Can you mourn a tree? Yes, you can. I’ve mourned many. Today I mourn the Willow Tree…a 100 year old willow that graced the children’s playground, now called Tiny Town, at the Floral Park Recreation Center.
After standing sentinel over children playing in her shade for 100 years, she was officially pronounced dead by the town and removal began yesterday.
I saw the post on my former home town’s Facebook page…and shed a few tears.
This is not “the Willow” but one that looks a lot like it.
It’s just a willow, I told myself. Just a tree. Heck, trees died to make the tissues in the box on my desk. Heck, I live and work on a 17 acre tree farm! I grow trees so that they can be cut down and sold!
But…it’s not the Willow.
Let me tell you about the Willow. First, she gets her name capitalized, and she gets a gender, because she was a motherly tree. Tiny Town was a small area set behind the recreation center offices. When I was a child, it was an area intended for kids newborn to about age 5 to play in, and there was a larger playground opposite the Rec Center for older kids. That area housed gymnastic rings, huge slides (which of course we waxed with wax paper saved from our lunches or swiped from the kitchen to make them slicker), metal jungle climbing bars that would make parents apoplectic today for their dangers, and swings that had an arc like you wouldn’t believe.
Oh, that playground. I grew up only a few blocks away. I’d leave the house in the morning and not come back until late in the day. When I was very small, my mother would push me in the turquoise blue stroller up the hill on Magnolia Avenue to the tunnel, a concrete underpass beneath the Long Island railroad. There day-glo graffiti, mostly peace symbols and doves (this was the early 70s remember) would fascinate me. If a train came by, we’d stop and count the cars together, and make a wish on the caboose.
Past the scary Sump, the rainwater collection site that was my only source of wildlife in an urban town, and past one block of houses, and then the Rec Center. We’d go into Tiny Town and my mother would sit in the shade of The Willow, watching me scamper about, digging in the sand, climbing the weird circle things that rose like mushrooms on a metal pole, or rock on the spring sea horses that would pinch your hand and make you cry if you shoved your hand into the spring to see how it worked. Which of course, every kid did, at least once.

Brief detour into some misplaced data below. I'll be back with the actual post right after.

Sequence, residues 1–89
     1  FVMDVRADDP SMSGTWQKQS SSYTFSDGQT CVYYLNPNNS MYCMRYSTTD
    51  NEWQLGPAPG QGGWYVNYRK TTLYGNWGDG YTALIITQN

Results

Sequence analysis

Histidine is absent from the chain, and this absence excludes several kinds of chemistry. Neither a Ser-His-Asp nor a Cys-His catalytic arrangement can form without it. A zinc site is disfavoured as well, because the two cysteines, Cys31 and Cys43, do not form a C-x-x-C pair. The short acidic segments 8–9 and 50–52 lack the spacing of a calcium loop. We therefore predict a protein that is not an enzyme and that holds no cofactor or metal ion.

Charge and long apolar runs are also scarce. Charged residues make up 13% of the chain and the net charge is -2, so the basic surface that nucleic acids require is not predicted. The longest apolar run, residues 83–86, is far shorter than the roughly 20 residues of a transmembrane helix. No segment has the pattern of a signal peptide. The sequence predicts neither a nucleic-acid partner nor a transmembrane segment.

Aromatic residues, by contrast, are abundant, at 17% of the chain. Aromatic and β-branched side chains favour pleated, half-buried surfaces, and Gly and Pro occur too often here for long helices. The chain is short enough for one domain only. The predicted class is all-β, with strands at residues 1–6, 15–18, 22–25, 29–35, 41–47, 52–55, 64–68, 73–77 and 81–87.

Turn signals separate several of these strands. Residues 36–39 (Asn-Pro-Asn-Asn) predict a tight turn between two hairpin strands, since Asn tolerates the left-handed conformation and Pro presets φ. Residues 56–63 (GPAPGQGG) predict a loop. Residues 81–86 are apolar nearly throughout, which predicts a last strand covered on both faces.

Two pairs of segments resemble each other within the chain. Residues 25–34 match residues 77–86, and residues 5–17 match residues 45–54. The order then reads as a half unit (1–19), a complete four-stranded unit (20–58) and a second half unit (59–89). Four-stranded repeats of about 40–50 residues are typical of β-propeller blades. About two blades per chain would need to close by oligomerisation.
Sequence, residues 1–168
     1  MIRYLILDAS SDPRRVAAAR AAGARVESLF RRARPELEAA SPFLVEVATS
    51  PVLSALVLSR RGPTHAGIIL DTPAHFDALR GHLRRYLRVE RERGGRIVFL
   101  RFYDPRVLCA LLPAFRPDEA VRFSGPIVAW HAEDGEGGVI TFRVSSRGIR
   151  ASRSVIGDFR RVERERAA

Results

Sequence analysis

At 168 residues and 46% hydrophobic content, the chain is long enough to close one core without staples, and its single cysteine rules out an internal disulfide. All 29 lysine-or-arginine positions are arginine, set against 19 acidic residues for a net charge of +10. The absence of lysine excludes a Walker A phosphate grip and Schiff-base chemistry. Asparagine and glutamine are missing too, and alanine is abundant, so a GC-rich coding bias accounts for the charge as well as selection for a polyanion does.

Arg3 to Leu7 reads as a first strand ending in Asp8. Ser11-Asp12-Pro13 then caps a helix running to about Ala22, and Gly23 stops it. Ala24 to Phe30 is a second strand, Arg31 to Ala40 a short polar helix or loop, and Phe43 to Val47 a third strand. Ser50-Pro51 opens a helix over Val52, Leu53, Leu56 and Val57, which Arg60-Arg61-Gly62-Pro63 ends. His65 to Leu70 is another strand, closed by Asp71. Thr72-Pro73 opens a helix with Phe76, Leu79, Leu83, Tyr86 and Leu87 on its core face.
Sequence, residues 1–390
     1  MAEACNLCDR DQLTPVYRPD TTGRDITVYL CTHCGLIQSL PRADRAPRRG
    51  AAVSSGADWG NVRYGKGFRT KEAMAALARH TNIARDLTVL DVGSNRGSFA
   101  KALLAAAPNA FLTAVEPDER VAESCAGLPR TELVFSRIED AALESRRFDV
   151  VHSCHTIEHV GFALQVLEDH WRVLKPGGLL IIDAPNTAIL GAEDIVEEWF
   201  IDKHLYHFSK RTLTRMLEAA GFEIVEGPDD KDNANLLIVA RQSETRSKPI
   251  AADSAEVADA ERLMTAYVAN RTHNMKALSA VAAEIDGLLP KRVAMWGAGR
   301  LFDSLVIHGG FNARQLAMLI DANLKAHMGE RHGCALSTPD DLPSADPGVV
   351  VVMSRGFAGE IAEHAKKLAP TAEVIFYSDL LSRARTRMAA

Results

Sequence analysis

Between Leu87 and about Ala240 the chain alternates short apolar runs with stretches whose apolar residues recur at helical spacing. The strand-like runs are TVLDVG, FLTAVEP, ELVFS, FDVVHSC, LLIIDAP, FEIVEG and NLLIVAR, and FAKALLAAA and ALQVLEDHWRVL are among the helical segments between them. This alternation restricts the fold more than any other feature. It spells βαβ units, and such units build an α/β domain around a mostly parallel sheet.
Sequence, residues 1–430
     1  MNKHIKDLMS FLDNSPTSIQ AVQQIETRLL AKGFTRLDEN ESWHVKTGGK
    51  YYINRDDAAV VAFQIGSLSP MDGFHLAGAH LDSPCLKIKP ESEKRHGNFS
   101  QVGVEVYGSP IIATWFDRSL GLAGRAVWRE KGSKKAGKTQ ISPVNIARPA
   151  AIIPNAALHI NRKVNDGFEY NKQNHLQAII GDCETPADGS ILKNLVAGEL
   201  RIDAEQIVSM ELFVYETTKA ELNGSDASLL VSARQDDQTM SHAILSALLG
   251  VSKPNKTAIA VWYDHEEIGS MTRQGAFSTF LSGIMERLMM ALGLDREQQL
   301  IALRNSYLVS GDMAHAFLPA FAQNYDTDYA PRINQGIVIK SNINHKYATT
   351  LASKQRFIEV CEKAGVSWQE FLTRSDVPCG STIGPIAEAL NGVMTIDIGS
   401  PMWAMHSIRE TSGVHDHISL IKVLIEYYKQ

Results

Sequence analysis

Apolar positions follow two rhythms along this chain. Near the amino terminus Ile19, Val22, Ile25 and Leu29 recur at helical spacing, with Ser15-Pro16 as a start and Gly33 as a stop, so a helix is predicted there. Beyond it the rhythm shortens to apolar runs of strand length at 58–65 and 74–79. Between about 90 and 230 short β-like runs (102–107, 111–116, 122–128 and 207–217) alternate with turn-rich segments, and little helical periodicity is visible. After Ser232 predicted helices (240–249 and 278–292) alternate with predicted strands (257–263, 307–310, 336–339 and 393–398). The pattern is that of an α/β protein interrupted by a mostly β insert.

The Rec Center had these swings when I was little that were shaped like swans. They were like buckets, and your legs stuck out through two holes as if you weren’t just riding the swan but inside the swan, if you can picture it. There was a white swan, a black swan, and a white swan. Just like that. I always had to ride the black swan. If another child was in the black swan, I would insist upon waiting until it was free.
My mother would lean against the Willow, her sunglasses pushed to the bridge of her nose, gently pushing the swan. I can see her as I type this. I can feel the rough bark of Willow under my hands as I clamored up between the split trunks, shimmying out onto the thick branch as if I was on top of the world when I was only a few feet above the ground.
I read today that The Willow was 100 years old. How long she stood, and how many generations of children did she watch over! My mother might have been one of those children, for she grew up in my hometown, too. And if I had stayed there and had children, my children would have known her grace…
But alas, times change, and I changed, and we moved on. Today, we mourn the passing of The Willow. I thank her for her memories, and hope that one day, in heaven, God will have one planted in His garden for me to embrace again.
Jeanne Grunert is a certified Virginia Master Gardener and the author of several gardening books. Her garden articles, photographs, and interviews have been featured in The Herb Companion, Virginia Gardener, and Cultivate, the magazine of the National Farm Bureau. She is the founder of The Christian Herbalists group and a popular local lecturer on culinary herbs and herbs for health, raised bed gardening, and horticulture therapy.